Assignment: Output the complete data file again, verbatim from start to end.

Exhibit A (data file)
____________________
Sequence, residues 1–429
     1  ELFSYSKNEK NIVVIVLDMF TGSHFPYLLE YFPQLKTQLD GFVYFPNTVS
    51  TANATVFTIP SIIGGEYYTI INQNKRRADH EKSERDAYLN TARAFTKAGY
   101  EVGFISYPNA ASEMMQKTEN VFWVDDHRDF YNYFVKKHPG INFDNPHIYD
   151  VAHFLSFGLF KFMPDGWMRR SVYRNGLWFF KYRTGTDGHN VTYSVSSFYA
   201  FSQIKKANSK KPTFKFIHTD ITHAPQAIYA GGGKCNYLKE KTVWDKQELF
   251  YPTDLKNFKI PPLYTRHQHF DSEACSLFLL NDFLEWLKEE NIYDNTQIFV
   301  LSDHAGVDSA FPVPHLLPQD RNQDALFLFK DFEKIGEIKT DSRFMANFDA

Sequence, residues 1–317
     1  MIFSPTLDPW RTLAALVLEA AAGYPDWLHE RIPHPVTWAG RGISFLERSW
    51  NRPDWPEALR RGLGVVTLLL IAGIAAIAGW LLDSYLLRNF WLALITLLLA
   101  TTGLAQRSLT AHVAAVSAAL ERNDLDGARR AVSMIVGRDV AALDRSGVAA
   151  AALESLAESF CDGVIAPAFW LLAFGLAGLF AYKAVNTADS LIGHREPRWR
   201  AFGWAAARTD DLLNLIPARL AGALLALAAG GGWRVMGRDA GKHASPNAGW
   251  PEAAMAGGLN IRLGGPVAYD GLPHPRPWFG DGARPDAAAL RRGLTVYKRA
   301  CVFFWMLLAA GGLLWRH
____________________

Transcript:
Sequence, residues 1–429
     1  ELFSYSKNEK NIVVIVLDMF TGSHFPYLLE YFPQLKTQLD GFVYFPNTVS
    51  TANATVFTIP SIIGGEYYTI INQNKRRADH EKSERDAYLN TARAFTKAGY
   101  EVGFISYPNA ASEMMQKTEN VFWVDDHRDF YNYFVKKHPG INFDNPHIYD
   151  VAHFLSFGLF KFMPDGWMRR SVYRNGLWFF KYRTGTDGHN VTYSVSSFYA
   201  FSQIKKANSK KPTFKFIHTD ITHAPQAIYA GGGKCNYLKE KTVWDKQELF
   251  YPTDLKNFKI PPLYTRHQHF DSEACSLFLL NDFLEWLKEE NIYDNTQIFV
   301  LSDHAGVDSA FPVPHLLPQD RNQDALFLFK DFEKIGEIKT DSRFMANFDA

Sequence, residues 1–317
     1  MIFSPTLDPW RTLAALVLEA AAGYPDWLHE RIPHPVTWAG RGISFLERSW
    51  NRPDWPEALR RGLGVVTLLL IAGIAAIAGW LLDSYLLRNF WLALITLLLA
   101  TTGLAQRSLT AHVAAVSAAL ERNDLDGARR AVSMIVGRDV AALDRSGVAA
   151  AALESLAESF CDGVIAPAFW LLAFGLAGLF AYKAVNTADS LIGHREPRWR
   201  AFGWAAARTD DLLNLIPARL AGALLALAAG GGWRVMGRDA GKHASPNAGW
   251  PEAAMAGGLN IRLGGPVAYD GLPHPRPWFG DGARPDAAAL RRGLTVYKRA
   301  CVFFWMLLAA GGLLWRH